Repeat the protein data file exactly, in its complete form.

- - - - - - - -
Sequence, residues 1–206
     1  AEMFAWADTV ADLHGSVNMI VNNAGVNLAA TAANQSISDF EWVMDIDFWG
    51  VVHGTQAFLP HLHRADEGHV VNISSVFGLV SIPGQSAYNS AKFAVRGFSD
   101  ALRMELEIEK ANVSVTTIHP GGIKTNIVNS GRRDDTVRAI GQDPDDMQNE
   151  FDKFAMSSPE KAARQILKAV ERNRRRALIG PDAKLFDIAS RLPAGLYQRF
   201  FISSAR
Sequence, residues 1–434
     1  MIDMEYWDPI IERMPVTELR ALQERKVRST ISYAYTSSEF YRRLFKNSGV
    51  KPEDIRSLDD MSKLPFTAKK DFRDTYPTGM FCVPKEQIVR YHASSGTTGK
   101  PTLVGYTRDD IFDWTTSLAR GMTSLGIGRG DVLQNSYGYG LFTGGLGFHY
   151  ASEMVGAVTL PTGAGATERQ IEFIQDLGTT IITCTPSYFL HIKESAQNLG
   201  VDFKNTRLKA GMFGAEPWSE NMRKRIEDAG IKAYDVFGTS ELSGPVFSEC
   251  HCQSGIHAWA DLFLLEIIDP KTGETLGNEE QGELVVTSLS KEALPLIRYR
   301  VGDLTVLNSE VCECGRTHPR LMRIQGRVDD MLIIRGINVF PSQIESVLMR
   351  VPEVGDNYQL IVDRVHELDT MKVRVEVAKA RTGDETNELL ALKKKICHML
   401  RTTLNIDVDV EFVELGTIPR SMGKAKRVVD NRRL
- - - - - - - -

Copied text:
Sequence, residues 1–206
     1  AEMFAWADTV ADLHGSVNMI VNNAGVNLAA TAANQSISDF EWVMDIDFWG
    51  VVHGTQAFLP HLHRADEGHV VNISSVFGLV SIPGQSAYNS AKFAVRGFSD
   101  ALRMELEIEK ANVSVTTIHP GGIKTNIVNS GRRDDTVRAI GQDPDDMQNE
   151  FDKFAMSSPE KAARQILKAV ERNRRRALIG PDAKLFDIAS RLPAGLYQRF
   201  FISSAR
Sequence, residues 1–434
     1  MIDMEYWDPI IERMPVTELR ALQERKVRST ISYAYTSSEF YRRLFKNSGV
    51  KPEDIRSLDD MSKLPFTAKK DFRDTYPTGM FCVPKEQIVR YHASSGTTGK
   101  PTLVGYTRDD IFDWTTSLAR GMTSLGIGRG DVLQNSYGYG LFTGGLGFHY
   151  ASEMVGAVTL PTGAGATERQ IEFIQDLGTT IITCTPSYFL HIKESAQNLG
   201  VDFKNTRLKA GMFGAEPWSE NMRKRIEDAG IKAYDVFGTS ELSGPVFSEC
   251  HCQSGIHAWA DLFLLEIIDP KTGETLGNEE QGELVVTSLS KEALPLIRYR
   301  VGDLTVLNSE VCECGRTHPR LMRIQGRVDD MLIIRGINVF PSQIESVLMR
   351  VPEVGDNYQL IVDRVHELDT MKVRVEVAKA RTGDETNELL ALKKKICHML
   401  RTTLNIDVDV EFVELGTIPR SMGKAKRVVD NRRL